Early Spring - Feed Your Lily Plants
Scatter an all purpose organic fertilizer such as bone-meal or growmore arond the base of plants as the lily shoots appear from the soil
Mulch Lily Plants with well composted bark. This will help to keep roots
Water lily plants regularly during the summer months - do not allow the soil to dry out.
Autumn- Plant Bulbs
Autumn is the time to plant bulbs as soon as you buy them from your local garden centre, online from a specialist bulb supplier or even online from Amazon.
The blooms of all varieties of the lily plant can be star or bowl shaped, and alway have an exotic, showy appearance.
Lilies come in many colours from White, through pale pinks, bright yellows to dark vivid reds.
Lily flowers provide a fantastic focal point in any garden with their tall, exotic blooms in a stunning range of colours.
In addition to their beautiful flowers most oriental lilies have a strong, almost spicy perfume.
A great many plants which are popularly called lilies, e.g., African Lily, Arum Lily, Belladonna Lily, are not really lilies at all.
Lilies prefer to grow in full sun in well drained soil. They will not thrive in boggy ground, but they do need to be well watered during the summer.
All lily plants have bulbous roots and all can be planted in autumn, though some experts prefer to move them in early spring when they are already growing.
This is really only practicable when plants are being moved from one part of the garden to another, as bulbs are usually only offered for sale in garden centres in autumn.
Most lilies like to have their flowers and leaves in the sun, but their roots in the shade. This can be arranged by planting them among low-growing shrubs or leafy plants such as evergreen azaleas or peonies. The majority like deep soils with plenty of leaf-mould or peat and few like really chalky soils, but there are exceptions to this, notably the Scarlet Turk’s Cap Lily (Lilium chalcedonicurn).
The oriental lily is a very distinctive plant which attracts attention, so choose a focal point in the garden to plant your lily bulbs. A sunny flower border where they can attract attention is an ideal place to plant your lilies.
They can also be planted in a shrub border to bring colour in summer when spring flowering shrubs have faded.
Plant a group of lilies in a tub to grow on a patio or decking to create a perfumed haven!
Prepare the soil well by incorporating pleanty of organic matter such as home made or commercial garden compost.
Dig a hole and add a handful of bonemeal.
Place the lily bulb pointed end up, with the roots of the bulb spread out. The tip of the lily bulb should sit 8 - 10 centimetres below the surface level.
Cover the bulb with soil and firm in well and water. It can help to cover with a layer of mulch such as well composted bark.
Stake tall lilies to support them and protect them from strong winds.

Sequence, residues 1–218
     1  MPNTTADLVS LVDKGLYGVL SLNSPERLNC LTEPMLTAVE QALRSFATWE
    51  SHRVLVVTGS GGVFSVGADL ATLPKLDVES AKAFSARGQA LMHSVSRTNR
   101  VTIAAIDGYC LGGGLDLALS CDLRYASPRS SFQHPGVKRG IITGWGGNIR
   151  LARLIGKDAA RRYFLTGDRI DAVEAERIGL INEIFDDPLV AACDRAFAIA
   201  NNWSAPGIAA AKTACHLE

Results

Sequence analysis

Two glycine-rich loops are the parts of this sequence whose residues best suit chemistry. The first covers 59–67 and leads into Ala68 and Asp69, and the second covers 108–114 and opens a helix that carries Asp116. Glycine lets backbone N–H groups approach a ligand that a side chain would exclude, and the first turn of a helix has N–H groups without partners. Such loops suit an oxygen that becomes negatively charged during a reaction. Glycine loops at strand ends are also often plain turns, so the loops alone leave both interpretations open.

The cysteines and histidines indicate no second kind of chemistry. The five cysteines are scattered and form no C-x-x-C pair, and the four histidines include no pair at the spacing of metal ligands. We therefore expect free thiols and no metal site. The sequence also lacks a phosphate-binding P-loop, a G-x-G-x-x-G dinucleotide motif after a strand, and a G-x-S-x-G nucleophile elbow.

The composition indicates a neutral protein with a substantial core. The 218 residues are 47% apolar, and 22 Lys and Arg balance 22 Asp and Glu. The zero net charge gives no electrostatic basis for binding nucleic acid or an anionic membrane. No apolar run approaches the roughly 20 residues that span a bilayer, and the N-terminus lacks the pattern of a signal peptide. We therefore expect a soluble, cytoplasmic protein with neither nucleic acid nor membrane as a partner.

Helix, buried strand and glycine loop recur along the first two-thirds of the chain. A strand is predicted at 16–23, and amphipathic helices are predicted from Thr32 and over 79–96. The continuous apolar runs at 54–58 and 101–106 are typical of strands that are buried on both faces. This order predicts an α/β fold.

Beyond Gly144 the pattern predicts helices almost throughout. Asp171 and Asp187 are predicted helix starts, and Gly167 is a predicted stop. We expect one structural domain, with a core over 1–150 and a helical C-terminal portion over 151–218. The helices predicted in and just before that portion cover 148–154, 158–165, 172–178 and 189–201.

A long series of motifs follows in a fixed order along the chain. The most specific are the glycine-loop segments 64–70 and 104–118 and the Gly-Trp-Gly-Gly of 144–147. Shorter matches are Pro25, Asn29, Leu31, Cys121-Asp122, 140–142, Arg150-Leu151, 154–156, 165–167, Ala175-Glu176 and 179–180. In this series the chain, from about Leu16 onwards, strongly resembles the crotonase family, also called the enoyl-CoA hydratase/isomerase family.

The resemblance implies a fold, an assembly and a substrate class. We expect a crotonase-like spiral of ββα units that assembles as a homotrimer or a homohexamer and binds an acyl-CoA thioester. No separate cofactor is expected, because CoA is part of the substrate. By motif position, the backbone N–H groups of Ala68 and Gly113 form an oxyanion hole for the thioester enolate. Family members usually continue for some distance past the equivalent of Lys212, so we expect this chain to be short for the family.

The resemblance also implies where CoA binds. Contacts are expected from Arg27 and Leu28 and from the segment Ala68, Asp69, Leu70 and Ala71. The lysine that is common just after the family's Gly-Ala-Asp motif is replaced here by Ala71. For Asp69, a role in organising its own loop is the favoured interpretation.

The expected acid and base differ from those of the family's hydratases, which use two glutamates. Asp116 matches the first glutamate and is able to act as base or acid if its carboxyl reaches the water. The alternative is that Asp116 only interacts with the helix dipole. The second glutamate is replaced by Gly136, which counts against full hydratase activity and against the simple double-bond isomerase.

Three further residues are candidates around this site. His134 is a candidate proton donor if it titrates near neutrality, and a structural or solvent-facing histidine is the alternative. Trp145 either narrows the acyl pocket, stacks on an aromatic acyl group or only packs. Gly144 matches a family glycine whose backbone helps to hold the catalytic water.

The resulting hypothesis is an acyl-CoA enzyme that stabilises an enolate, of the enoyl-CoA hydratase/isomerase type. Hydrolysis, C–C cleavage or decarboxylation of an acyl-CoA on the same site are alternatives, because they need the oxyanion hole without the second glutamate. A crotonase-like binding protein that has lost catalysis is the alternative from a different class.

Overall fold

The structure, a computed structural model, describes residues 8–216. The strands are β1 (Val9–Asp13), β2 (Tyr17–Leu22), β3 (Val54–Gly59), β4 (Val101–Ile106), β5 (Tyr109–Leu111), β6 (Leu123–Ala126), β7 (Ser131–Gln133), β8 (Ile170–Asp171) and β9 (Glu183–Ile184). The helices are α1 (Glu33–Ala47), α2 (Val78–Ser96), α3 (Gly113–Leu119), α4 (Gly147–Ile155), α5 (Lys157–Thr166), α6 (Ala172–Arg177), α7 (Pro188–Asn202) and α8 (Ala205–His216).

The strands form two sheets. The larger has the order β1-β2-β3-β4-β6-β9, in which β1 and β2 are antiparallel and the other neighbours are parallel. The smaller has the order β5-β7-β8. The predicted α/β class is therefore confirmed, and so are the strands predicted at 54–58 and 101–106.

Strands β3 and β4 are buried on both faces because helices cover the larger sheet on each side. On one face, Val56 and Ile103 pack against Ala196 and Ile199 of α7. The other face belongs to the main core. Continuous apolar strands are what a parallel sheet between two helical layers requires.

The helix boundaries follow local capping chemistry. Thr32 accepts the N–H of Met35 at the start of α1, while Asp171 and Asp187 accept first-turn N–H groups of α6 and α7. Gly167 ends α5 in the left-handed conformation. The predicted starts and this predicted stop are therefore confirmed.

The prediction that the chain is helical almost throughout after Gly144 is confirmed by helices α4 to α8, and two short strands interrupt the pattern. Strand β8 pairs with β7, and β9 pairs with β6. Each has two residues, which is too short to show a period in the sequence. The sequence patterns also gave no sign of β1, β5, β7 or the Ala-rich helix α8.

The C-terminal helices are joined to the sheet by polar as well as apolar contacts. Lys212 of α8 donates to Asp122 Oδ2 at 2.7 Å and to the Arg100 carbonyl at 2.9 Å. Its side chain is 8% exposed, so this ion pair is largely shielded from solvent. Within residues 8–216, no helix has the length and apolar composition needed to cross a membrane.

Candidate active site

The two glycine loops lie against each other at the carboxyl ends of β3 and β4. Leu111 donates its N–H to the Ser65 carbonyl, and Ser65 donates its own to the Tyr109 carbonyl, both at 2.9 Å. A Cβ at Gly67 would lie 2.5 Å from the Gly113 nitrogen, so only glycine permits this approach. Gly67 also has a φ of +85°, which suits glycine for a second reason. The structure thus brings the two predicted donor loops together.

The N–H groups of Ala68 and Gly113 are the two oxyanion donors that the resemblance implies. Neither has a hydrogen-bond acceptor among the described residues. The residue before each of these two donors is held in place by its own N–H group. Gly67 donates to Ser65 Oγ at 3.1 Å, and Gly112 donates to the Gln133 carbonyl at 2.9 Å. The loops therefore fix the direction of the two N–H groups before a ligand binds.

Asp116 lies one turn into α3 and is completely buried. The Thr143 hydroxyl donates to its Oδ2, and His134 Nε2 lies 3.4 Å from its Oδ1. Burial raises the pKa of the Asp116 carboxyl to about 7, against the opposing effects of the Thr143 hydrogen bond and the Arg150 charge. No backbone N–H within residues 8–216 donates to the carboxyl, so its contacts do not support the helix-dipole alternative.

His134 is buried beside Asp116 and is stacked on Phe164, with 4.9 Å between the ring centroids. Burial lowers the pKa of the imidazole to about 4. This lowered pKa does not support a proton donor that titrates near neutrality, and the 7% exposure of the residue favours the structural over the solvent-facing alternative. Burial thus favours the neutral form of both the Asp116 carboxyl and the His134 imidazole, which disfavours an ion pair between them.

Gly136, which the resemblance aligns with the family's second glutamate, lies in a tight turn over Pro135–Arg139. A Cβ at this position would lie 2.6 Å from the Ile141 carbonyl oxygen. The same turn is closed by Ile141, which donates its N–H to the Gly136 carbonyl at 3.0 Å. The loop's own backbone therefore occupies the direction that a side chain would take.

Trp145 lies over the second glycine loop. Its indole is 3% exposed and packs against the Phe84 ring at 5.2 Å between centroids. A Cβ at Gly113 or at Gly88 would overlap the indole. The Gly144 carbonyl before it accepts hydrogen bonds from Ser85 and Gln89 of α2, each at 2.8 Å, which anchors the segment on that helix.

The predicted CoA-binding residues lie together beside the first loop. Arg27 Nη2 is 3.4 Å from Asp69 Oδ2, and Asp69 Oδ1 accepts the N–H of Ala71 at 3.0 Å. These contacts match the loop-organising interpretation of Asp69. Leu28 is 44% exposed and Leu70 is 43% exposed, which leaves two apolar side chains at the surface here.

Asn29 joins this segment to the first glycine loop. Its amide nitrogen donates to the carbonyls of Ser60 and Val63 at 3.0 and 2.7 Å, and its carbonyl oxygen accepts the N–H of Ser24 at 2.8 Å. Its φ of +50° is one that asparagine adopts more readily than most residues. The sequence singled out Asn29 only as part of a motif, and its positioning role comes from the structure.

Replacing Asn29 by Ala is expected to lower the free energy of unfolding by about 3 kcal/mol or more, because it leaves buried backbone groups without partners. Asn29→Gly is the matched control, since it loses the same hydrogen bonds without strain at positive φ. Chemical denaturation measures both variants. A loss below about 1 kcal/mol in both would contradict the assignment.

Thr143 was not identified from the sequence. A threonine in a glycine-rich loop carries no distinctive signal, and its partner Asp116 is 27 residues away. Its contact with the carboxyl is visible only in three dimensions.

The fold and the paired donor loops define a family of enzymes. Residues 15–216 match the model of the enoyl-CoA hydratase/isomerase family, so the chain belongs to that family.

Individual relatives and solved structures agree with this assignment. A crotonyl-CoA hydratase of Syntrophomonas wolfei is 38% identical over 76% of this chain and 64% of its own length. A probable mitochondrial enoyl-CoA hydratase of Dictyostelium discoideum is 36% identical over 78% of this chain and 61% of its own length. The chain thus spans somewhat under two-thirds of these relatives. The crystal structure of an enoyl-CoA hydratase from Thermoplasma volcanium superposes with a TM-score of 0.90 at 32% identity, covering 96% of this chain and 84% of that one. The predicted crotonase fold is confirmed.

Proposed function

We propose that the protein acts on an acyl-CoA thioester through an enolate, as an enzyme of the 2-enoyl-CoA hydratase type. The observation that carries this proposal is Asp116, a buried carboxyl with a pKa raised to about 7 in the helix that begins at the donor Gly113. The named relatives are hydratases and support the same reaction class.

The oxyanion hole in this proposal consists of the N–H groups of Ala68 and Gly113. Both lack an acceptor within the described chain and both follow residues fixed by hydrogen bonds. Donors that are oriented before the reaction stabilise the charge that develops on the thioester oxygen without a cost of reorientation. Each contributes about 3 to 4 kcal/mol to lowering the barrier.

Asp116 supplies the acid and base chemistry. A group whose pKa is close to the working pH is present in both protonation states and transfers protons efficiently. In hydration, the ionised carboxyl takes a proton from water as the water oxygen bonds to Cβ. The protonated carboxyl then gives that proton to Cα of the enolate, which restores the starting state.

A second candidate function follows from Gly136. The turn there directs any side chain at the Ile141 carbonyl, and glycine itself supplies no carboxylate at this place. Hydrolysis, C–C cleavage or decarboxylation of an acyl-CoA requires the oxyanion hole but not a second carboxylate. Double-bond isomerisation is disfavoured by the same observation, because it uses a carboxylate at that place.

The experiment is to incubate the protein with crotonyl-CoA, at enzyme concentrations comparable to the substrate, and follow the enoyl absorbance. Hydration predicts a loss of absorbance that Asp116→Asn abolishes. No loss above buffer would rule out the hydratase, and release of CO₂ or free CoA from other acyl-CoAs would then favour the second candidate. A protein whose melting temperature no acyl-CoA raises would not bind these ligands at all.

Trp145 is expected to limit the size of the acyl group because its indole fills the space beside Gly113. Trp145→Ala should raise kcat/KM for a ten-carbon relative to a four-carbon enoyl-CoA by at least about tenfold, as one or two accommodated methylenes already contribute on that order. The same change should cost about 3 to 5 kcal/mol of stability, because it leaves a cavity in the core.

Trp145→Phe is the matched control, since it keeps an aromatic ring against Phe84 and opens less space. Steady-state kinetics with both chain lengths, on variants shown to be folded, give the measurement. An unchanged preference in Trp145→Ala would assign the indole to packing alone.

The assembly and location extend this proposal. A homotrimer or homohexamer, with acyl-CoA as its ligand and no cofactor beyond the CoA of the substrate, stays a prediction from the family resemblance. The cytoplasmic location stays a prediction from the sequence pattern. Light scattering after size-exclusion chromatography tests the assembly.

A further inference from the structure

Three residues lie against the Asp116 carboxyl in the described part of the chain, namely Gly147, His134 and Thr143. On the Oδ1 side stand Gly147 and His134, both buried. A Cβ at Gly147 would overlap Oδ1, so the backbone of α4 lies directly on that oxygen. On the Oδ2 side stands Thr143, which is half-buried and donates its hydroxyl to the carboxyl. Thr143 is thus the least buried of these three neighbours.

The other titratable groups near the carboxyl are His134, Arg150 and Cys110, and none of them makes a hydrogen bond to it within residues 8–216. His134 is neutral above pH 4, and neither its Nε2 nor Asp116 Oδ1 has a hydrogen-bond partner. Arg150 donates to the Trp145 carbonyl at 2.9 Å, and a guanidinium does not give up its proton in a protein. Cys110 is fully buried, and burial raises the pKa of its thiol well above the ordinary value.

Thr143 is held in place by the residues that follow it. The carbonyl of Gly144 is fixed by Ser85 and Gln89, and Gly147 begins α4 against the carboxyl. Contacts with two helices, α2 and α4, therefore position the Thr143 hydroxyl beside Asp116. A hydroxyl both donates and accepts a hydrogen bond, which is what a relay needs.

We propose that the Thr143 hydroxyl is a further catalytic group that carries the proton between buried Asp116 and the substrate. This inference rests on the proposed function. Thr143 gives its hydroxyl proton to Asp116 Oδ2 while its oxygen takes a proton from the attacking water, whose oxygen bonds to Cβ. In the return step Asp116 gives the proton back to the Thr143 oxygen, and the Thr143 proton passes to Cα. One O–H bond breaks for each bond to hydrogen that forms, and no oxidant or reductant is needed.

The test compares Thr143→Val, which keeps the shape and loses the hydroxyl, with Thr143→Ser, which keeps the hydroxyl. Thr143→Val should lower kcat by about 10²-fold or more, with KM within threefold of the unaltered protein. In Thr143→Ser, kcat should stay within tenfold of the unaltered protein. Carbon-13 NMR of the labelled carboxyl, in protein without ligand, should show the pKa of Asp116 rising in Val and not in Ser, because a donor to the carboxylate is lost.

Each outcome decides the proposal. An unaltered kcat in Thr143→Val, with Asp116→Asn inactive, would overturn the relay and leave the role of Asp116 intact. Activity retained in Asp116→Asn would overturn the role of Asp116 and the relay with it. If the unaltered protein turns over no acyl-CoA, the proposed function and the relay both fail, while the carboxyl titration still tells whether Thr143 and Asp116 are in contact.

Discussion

Keep a look out for red lily beetles which can attack the leaves!
From the cultural standpoint lilies may be divided into hardy and slightly tender varieties.
The hardy lilies can all be grown outdoors, but the slightly tender varieties are bettet treated as cool greenhouse plants except in the mildest parts of the country.
The most important of these greenhouse kinds is the Easter Lily (Lilium longiflorum) with long, white trumpet. flowers in spring. The bulbs should be planted low down in pots, oneto a pot, and should be reported each year in October.
The hardy lilies should almost all be planted so that the bulbs are covered with about twice their own depth of soil - A 4 cm deep bulb will need a 12 cm deep hole.
One notable exception to this is the popular white Madonna Lily (L. candidum) which should be barely covered with soil and will, after a while, work itself out so that the top of the bulb is exposed.
This lily is also exceptional in that it is best planted in August though it can be moved later.
One of the easiest of all lilies to grow is the Regal Lily (L. regale) with broad white trumpets On 4 ft. stems in July.
Others that can be grown in most gardens are the Orange Lily (L. croceum), with clusters of large, upward-pointing orange or yellow flowers in June and the Tiger Lily (L. rigrinum) with hanging clusters of orange, maroon-spotted flowers on tall stems in August.
|Trailing Lobelia | Hibiscus | How To Prune Redcurrants | Growing Radishes | Tamarisk - seaside shrub |Pruning Roses | Hydrangea | Thrift, Sea Pink | Lady's Slipper Orchid |Virginia Creeper | Growing Strawberries | Spinach | Isle of Wight Flower Delivery | Oriental Poppy | Florida Garden Storage Sheds | Palms and Palm Tree Nurseries | Advice Buying Chainsaw | Globe Artichoke | Nitrogen Deficiency | Growing Petunia Flowers | Toadflax - Linaria |Leek Vegetables ||
How to grow Oriental Lilies - exotic perfumed and colourful flowers for focal points in your garden. Expert advice on planting and seasonal care and growing tips on growing a lily from bulbs.